Bobby Leddy, a spokesman for Ms. Whitmer, praised the Biden administration’s new vaccine reallocation decision. He said Michigan “continues to draw down every vaccine that we need to meet the needs of Michiganders, and we are grateful for the Biden administration’s actions to increase the availability of vaccines.”
The federal government distributes vaccine doses to states based on population on a weekly basis. Previously, doses that went unordered by states were carried over to the state’s allocation for the following week. Under the new plan, those doses could be distributed to other states that request additional shots. Unordered doses will be put into a pool that other states can take advantage of, according to administration officials. States that need more doses can order up to 50% beyond their weekly allocation, a person with knowledge of Tuesday’s call with governors said.
Administration officials said it is up to individual states to decide whether they want to forfeit their doses and offer them up to other states. States’ allocations won’t be reduced in the future if they don’t order all of their allocated doses on any given week.
Pharmacies participating in the federal vaccination program will also see a change in their supply allocation, a White House official said. Previously, they received 80% of their supply based on the state’s population and 20% based on demand. Now up to 49% will be based on addressing the area’s demand for vaccine doses.
CVS Chief Executive Karen Lynch said that despite declining demand, shots remain hard to come by in some parts of the country. Meanwhile, a swath of the population is willing to be vaccinated, she said, but only if the process is incredibly convenient. Anything that helps shift doses to places with more willing takers will help the overall vaccine efforts, she said.
The U.S. has administered more than 246.8 million vaccine doses, according to federal data analyzed by The Wall Street Journal. About 79% of doses distributed in the U.S. have been administered. But the pace of the daily vaccine doses administered has been declining since mid-April, according to the CDC.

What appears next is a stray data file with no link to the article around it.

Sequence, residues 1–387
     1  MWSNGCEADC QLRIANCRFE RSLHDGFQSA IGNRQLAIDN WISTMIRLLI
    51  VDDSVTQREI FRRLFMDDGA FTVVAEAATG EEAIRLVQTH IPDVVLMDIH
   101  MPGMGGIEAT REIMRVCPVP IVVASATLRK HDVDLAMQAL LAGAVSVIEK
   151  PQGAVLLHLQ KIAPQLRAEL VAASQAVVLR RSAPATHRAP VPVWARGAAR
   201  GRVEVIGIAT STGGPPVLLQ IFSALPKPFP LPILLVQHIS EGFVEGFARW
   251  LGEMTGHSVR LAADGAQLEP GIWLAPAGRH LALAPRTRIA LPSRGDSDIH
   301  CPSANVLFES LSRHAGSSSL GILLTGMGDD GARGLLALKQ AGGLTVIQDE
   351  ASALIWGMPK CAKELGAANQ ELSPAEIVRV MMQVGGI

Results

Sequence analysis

States are now grappling with vaccinating citizens who live in rural areas and those who are hesitant to receive the shot. Officials said Tuesday they would use funding from the Covid-19 relief package Mr. Biden signed into law earlier this year to boost vaccine education and accessibility in rural communities.
Mr. Biden also thanked Republicans such as Senate Minority Leader Mitch McConnell for encouraging Americans to get vaccinated and stressed that two of the vaccines were approved for emergency use under the Trump administration. “While we may not always agree on everything,” Mr. Biden said, “this is one thing people across the political spectrum can agree on.”
During the call, governors also pressed the Biden administration about the potential authorization of
vaccine for children 12 to 15 years old.
Senior administration officials said they are planning on making Pfizer vaccine doses quickly available to adolescents if the company receives emergency authorization from the FDA. Half of the pharmacies in the federal program, or more than 15,000 sites, will be ready to vaccinate children between the ages of 12 and 15 and the administration will ship doses directly to pediatricians and family doctors.
—Sharon Terlep, Jon Kamp and Melanie Grayce West contributed to this article.
Write to Tarini Parti at Tarini.Parti@wsj.com